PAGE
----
I have continued my travels around Belgrade over the past few days which of course included a food walking tour – such an excellent way of discovering a city, learning about the history and of course sampling the best of the local food as you go.
A brief visit to the former residence of Princess Ljubica. Mostly this is a furniture museum now but what makes it interesting is that it was built just as the Ottoman Empire in the region was starting to decline and Christianity was rising. As a result the design, furniture and clothes in different rooms are an eclectic mix of Biedermeier European influence and ongoing Ottoman style eg. the curved area for meeting guests and drinking tea.
We started the food tour at the ? Restaurant – one of the oldest in the city. The interior is pretty special and I especially liked the original oak carved tables and the typical Ottoman style “half chairs”. Of course the day starts with Turkish coffee plus a nip of plum brandy. Then the waiter mentioned that the the Burek (a filo type pastry with a local savoury cheese filling) had just come out of the oven – so of course it would have been rude not to try that. After that the ginormous Skadarskarlijska sausage – a bargain at less than two dollars and sold from the best hole in the wall in town.
Is there ever a bad market in any Balkan city or town? No – they always have the freshest and in season food and people still like to shop here rather than in a supermarket.
More wandering around took me to past the famous Mockba Hotel and the parliament buildings. One of my guides told me that last year she was taking a group of 40 Iranians around and their translator asked that they have a ten minute stop at this hotel for pictures etc. She thought this was odd and it is not easy to stop there but she complied. Ten minutes later only 10 people had returned to the bus. The translator said they must have decided to walk to their hotel…..they never came back!
I also came across a little street art. There are two football teams in Belgrade – The Partisans and the Red Star. This area was a stronghold of the partisans and you can tell their street art as it is always in black and white. I didn’t get to see any of the Red Star work – they don’t operate in the same locales for obvious reasons!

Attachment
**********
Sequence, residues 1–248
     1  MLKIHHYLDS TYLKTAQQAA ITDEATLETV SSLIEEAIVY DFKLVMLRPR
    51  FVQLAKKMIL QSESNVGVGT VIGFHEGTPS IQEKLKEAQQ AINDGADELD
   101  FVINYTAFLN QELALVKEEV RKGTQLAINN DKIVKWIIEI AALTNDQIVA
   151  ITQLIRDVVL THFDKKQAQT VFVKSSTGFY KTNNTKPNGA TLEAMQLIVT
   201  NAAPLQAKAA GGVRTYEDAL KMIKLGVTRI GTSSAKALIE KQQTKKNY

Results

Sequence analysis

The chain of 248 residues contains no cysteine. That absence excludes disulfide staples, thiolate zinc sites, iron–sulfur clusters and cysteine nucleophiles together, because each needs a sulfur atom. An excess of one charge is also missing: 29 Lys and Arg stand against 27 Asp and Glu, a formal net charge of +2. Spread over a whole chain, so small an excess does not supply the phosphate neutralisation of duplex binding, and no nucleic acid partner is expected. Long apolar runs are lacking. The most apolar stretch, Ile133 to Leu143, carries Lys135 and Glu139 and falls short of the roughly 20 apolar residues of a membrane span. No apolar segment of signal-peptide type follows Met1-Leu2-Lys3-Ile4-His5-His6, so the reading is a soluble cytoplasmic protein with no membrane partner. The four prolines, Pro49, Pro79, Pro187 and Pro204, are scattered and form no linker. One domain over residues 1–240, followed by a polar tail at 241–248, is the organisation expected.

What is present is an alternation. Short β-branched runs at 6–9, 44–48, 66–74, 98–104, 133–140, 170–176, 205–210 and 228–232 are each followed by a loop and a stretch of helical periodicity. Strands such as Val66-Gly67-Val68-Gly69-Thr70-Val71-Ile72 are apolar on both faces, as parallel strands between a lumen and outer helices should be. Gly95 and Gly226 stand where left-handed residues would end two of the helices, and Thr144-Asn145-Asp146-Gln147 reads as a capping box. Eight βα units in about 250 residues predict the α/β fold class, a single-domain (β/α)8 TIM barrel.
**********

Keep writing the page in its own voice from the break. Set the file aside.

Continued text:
Close to my hotel is the Saint Sava Church – one of the biggest orthodox churches in the Balkans. Stunning from the outside but I was disappointed to find that the interior dome was being renovated. But then someone said it was worth taking a look a the crypt which had just been completed. Well I’ve been to a few crypts in my time and they are usually dark and dirty and full of bones – and then there is this one…..wow! So glad I went down there.
Next stop was the recently renovated Museum of Serbian history which was a mixture of archaeological finds (a big Roman settlement here as it was kind of at the edge of one part of their empire) plus Serbian artists and some European art. As usual I have picked some favourites – below are all portraits of strong and interesting women!
I also really liked the work of the Serbian artist Uros Predic. These are Fugitives from Herzegovina and Boy at his mother’s grave
And I was totally wowed by this marble sculpture of woman with a veil – how do they do that?!?!
Veiled woman – in marble
Also close to my hotel was the Nikola Tesla museum. Of course being very ignorant about all things science the only reason I know his name relates to the electric car company named after him by Mr Musk. Actually he doesn’t have anything to do with cars really. He was born in Serbia although lived much of his life in the US where he was able to try and patent his ideas. His big invention was the oscillating transformer (you will need to look that up because even after the explanation I couldn’t understand it although I think one of the benefits is the ability for a washing machine to spin as fast as it does?) and he is also now also credited with the invention of the wireless. When Marconi claimed this invention Tesla sued on the basis that this belonged to him and eventually won the case BUT that was 40 years after he died so no-one remembers him for that. It’s a cruel world!
I did get a kick to see how involved he was with the Niagara hydro electric plant design (he worked for both Westinghouse and Edison) – as I have spent a fair bit of time in Buffalo in my time:)
Another unexpected place of interest was the interior of the National Bank of Serbia. I had not realised the degree of hyperinflation in Serbia between November 1993 and and January 1994. In November 1993 1 million dinar equaled 1 Deutschmark by January 1994 that 1 DM equaled 5 Trillion dinar! My guide remembered her mother carrying money around in a suitcase when she went out to buy bread. Apparently all this was caused by a corrupt banking system ……
The Serbian bank then decided to issue the best note of all – in my opinion…..I just wish they would produce more of them – many many more…..